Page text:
What would the world be like if fiber optic and mobile phones had been available in the 1930's? Would the decade be known as the start of the Information Revolution rather than the Great Depression?
The Great Bell Labs
In early 1934, Clarence Hickman, a Bell Labs engineer, had a secret machine, about six feet tall, standing in his office. It was a device without equal in the world, decades ahead of its time. If you called and there was no answer on the phone line to which Hickman's invention was connected, the machine would beep and a recording device would come on allowing the caller to leave a message.
The genius at the heart of Hickman's secret proto-answering machine was not so much the concept - perceptive of social change as that was - but rather the technical principle that made it work and that would, eventually, transform the world: magnetic recording tape. Recall that before magnetic storage there was no way to store sound other than by pressing a record or making a piano roll. The new technology would not only usher in audio cassettes and videotapes, but when used with the silicon chip, make computer storage a reality. Indeed, from the 1980s onward, firms from Microsoft to Google, and by implication the whole world, would become utterly dependent on magnetic storage, otherwise known as the hard drive.
If any entity could have come up with advanced recording technology by the early 1930s it was Bell Labs. Founded in 1925 for the express purpose of improving telephony, they made good on their mission (saving AT&T billions with inventions as simple as plastic insulation for telephone wires) and then some: by the 1930s the laboratories had effectively developed a mind of their own, carrying their work beyond better telephones and into basic research to become the world's preeminent corporate-sponsored scientific body. It was a scientific Valhalla, hiring the best men (and later women) they could find and leaving them more or less free to pursue what interested them.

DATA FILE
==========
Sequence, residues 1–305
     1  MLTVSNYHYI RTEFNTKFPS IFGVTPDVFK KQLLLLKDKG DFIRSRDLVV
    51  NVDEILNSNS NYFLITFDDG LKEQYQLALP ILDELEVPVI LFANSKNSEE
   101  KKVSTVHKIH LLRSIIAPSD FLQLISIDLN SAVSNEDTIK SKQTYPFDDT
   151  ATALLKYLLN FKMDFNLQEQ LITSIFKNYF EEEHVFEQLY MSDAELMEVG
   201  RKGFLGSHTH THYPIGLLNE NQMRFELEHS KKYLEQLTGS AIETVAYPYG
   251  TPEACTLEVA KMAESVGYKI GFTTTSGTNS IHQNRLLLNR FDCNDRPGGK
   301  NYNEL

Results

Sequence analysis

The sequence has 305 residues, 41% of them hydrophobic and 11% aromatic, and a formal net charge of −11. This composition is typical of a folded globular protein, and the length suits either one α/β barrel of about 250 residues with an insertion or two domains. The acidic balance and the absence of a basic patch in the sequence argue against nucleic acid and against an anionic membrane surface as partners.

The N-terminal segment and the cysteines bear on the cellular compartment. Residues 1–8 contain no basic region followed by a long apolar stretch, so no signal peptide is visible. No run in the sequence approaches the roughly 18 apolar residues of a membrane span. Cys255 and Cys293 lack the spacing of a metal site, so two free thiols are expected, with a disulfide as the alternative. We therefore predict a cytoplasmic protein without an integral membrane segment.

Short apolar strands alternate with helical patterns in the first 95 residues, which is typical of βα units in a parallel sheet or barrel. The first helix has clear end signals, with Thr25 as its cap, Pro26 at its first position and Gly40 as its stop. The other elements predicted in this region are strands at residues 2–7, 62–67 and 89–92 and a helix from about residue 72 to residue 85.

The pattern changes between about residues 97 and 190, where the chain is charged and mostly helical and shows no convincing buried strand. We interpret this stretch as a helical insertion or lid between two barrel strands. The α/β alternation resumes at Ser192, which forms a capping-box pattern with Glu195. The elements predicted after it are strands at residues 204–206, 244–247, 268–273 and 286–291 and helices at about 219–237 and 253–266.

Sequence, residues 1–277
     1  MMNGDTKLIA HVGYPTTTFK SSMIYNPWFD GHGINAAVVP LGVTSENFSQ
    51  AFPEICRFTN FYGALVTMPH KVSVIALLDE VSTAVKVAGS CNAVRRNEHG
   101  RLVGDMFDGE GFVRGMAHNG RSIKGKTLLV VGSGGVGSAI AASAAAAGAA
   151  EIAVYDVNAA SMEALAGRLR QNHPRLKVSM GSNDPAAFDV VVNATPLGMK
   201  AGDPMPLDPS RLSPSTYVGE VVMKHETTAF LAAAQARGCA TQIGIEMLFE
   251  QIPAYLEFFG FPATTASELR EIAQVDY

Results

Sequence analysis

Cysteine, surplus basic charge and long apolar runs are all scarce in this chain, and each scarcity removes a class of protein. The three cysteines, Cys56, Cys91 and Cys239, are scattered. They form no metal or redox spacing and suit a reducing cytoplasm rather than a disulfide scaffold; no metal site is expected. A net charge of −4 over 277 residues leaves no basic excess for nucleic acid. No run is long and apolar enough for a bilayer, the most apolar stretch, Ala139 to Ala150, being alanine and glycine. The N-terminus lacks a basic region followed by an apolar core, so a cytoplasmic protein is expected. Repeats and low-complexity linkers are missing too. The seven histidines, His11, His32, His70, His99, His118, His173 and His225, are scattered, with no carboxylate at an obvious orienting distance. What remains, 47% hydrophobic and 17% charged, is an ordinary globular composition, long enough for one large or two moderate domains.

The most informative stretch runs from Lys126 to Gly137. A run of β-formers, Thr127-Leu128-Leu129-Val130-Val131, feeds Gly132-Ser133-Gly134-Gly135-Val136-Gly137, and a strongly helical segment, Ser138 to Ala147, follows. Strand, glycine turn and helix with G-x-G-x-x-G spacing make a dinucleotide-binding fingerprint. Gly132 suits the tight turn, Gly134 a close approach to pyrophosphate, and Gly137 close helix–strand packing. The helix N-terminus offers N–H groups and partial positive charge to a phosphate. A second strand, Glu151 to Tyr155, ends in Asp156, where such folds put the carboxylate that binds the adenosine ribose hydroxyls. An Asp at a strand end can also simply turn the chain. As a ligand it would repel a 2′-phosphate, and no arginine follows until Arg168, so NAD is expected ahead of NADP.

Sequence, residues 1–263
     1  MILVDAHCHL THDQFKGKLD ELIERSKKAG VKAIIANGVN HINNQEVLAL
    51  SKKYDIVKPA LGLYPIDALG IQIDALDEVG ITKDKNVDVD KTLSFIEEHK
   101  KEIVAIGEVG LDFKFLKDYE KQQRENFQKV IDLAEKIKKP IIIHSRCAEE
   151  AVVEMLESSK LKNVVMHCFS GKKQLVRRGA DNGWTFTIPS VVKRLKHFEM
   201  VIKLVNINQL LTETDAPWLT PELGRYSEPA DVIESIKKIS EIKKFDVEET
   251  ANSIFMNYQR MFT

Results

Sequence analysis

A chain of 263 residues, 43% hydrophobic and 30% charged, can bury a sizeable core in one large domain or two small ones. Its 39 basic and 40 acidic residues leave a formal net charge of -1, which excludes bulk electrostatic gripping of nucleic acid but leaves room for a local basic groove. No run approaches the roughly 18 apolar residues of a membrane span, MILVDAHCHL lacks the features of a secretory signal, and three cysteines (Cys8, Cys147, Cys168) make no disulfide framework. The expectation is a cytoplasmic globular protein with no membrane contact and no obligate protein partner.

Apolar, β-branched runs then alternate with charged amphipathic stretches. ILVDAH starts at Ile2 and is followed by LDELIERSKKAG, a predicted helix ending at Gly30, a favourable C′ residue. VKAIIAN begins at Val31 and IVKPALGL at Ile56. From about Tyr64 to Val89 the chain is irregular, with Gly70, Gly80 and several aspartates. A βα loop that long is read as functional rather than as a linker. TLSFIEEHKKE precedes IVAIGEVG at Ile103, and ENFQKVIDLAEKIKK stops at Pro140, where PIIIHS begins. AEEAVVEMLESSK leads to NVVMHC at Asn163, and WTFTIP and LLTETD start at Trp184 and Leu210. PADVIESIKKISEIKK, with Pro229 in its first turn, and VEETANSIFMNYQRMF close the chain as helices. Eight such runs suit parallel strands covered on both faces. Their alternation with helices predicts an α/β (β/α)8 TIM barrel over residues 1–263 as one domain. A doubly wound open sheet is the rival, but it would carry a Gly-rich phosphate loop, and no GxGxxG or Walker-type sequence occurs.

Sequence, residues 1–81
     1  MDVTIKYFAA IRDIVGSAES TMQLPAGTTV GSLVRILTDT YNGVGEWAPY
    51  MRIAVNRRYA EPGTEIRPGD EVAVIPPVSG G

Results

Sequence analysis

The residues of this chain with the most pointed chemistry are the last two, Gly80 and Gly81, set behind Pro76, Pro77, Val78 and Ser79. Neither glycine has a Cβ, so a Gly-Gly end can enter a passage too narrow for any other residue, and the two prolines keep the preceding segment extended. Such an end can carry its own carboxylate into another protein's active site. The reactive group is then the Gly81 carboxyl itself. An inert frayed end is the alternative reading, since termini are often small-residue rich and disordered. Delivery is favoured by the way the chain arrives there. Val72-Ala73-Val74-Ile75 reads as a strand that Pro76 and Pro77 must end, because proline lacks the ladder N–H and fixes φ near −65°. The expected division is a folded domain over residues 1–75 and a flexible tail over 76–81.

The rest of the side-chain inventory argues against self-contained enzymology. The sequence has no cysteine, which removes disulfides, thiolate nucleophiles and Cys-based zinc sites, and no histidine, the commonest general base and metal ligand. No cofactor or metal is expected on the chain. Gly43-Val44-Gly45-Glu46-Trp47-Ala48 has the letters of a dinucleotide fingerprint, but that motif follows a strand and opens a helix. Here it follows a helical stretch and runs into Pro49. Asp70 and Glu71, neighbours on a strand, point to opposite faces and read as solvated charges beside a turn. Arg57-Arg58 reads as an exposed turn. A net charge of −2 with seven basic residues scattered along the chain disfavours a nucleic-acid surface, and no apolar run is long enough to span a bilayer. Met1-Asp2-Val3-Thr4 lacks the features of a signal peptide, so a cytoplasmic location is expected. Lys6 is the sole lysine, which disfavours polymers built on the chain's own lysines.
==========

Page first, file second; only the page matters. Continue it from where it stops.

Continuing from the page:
When scientists are given such freedom, they can do amazing things, and soon Bell's were doing cutting-edge work in fields as diverse as quantum physics and information theory. It was a Bell Labs employee named Clinton Davisson who would win a Nobel Prize in 1937 for demonstrating the wave nature of matter, an insight more typically credited to Einstein than to a telephone company employee. In total, Bell would collect seven Nobel Prizes, more than any other corporate laboratory, including one awarded in 1956 for its most famous invention, the transistor, which made the computer possible. Other, more obscure Bell creations are nevertheless dear to geeks, including Unix and the C programming language.or: